My computer is about 5 years old.  I have the same screen, mouse, and keyboard. I am used to how the arrows keys seem to stick a little when I push them down.  I am used to the dirt that seems permanently stuck in between each key.  I am used to the fact that the trackball on my mouse no longer works.  I am used to the fact that my mouse pointer frequently “disappears” on my screen.  Not to mention the vertical lines that are randomly spaced on my screen.  I am used to it because this is normal.  And normal can be comforting, no matter how bad normal is for me.  Because it’s what I am used to.  It’s comfortable.  Sometimes I don’t even see the lines when I’m watching something on the computer.

See the lines? Perhaps I should be annoyed.

I really can’t do anything about my faulty equipment because of our faulty financial situation.  Replacing computer parts is expensive (especially because I have a Mac).  Even a new mouse cost $50, which is a huge sum in this house.  That’s equal to a tank of gas, or a few groceries.  So, I tell myself it’s not a big deal.  I do my best to ignore the faults.  I pretend they aren’t there.

My room is pretty crowded what with rather large primates and pachyderms hanging about, making themselves comfortable on my furniture.

Looks comfy. Doesn’t he?

I do the same with my emotions.  I get comfortable with my little faults.  I tell myself that a little selfishness is okay.  An outburst of anger towards my husband may be wrong, but’s it the way I am (right?).  My seemingly impossible-to-eradicate depression can’t be stopped or changed.  Somehow my personality quirks are comforting, even if they are wrong.  The chambers of my heart and mind can be pretty crowded too.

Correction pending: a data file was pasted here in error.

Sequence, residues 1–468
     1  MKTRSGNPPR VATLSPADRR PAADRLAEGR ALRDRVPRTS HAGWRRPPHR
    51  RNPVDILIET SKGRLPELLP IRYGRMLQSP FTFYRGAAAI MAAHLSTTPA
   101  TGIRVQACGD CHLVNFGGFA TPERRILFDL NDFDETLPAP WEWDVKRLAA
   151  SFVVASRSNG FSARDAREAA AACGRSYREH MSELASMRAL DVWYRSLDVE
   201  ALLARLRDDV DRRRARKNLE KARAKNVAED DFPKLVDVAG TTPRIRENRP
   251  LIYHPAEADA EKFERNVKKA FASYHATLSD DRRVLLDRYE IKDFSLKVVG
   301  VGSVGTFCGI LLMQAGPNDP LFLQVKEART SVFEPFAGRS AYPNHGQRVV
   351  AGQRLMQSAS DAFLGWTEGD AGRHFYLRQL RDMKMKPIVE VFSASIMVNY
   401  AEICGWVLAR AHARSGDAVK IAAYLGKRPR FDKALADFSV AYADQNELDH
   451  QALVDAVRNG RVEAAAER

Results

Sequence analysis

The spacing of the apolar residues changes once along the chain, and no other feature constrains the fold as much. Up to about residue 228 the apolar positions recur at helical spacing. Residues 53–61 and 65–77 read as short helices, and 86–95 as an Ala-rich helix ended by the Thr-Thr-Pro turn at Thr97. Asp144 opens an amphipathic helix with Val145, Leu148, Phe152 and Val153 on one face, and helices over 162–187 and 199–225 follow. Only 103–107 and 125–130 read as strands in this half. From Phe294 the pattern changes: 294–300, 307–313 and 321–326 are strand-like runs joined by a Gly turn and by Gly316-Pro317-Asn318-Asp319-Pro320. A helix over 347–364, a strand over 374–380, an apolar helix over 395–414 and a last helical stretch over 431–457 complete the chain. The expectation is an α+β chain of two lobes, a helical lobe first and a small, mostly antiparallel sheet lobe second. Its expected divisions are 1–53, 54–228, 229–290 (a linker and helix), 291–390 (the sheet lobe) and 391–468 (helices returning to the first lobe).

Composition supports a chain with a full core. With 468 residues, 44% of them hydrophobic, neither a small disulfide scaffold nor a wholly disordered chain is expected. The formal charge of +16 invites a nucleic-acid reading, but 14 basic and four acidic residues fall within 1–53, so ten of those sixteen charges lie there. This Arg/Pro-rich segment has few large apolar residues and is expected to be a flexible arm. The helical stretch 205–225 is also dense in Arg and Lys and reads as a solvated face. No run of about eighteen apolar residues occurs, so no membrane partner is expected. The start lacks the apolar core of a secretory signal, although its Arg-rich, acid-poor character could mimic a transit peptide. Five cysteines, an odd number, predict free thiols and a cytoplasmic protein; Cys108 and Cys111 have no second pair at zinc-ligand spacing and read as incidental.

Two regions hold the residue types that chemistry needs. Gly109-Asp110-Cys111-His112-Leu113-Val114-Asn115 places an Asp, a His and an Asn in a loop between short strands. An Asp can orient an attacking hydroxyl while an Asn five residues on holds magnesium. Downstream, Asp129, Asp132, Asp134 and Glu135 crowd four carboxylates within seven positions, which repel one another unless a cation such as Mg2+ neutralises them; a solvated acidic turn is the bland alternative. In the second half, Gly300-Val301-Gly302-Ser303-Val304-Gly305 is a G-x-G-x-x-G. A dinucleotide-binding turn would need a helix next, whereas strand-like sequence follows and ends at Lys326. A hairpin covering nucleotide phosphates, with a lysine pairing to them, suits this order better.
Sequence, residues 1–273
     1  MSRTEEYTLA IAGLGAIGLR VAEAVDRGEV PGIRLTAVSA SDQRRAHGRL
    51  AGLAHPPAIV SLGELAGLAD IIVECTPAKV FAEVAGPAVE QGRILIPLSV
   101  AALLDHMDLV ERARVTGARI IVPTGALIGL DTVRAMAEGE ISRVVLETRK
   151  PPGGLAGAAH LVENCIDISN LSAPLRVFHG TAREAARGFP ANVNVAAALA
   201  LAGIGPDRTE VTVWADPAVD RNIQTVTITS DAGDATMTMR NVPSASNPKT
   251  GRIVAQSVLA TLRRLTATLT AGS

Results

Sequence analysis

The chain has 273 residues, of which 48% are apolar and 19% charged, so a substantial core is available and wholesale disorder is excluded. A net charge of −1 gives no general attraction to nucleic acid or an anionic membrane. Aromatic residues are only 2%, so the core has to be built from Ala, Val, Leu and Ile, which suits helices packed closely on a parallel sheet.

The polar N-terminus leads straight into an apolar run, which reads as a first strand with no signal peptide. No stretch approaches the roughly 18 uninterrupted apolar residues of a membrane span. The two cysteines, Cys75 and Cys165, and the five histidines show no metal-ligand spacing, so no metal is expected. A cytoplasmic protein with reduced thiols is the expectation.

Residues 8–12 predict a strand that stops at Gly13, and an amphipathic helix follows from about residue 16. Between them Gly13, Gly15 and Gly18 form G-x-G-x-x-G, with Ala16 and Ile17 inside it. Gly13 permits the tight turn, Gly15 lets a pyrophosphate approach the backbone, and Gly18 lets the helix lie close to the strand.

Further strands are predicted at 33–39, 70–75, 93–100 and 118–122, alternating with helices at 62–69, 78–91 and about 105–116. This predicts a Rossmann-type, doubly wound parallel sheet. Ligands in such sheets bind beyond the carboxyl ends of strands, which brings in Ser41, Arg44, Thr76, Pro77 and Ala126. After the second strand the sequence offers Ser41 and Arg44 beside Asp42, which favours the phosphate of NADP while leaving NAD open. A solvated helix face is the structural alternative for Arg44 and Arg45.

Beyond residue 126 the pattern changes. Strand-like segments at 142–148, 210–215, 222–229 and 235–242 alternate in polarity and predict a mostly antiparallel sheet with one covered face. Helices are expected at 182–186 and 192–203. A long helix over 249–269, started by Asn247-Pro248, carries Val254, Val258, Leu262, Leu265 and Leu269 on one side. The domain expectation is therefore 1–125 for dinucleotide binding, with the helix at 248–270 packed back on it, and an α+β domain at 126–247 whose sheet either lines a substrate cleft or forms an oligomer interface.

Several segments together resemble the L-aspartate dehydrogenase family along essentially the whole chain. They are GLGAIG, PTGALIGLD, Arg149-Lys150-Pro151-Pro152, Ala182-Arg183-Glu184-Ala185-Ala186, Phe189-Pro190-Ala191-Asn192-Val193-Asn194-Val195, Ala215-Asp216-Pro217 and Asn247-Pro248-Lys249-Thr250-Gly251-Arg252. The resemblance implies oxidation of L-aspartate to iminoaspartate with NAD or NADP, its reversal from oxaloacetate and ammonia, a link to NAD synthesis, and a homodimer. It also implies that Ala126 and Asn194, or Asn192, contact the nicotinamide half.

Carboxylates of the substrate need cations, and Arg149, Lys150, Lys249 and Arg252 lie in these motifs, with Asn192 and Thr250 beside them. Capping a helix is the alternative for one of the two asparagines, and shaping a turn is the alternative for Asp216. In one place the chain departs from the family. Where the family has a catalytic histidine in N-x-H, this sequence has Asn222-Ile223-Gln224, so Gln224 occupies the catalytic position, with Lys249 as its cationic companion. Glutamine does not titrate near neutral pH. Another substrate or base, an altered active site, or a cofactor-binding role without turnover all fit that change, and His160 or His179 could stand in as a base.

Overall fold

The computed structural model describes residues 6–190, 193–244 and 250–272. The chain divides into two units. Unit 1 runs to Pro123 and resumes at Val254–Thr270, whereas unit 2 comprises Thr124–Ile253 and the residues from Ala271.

He’s a little hard to ignore.

When it comes to our little faults, we decide that there is nothing we can do about these things, so we get comfortable with them.  We invite them over for tea.  We snuggle up on the couch with our little faults and watch a good movie.  We share our favorite snacks.

But, being comfortable with the little faulty things in our lives just leads to us becoming like a fat cat…lazy. We never work at changing our thoughts and behaviors.  We let the dust collect on the rather large animals taking up space without ever questioning why they are there in the first place.

The opposite of this  is (you know I just had to say it) deciding that things are going to be different.  Making a choice for change.  Believing that living a half-life is not worth the comfort that familiarity brings.  We  have to kick that gorilla and elephant out and lock the doors of our minds and hearts.  We have to decide we want to live a different life.  We have to decide that life is worth living to it’s fullest.

So,  make that first step.  Take inventory of yourself.  Be honest.  Embrace change.

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So tell  me, have you ever seen an 800 lb. gorilla?

Laziness is like a fat cat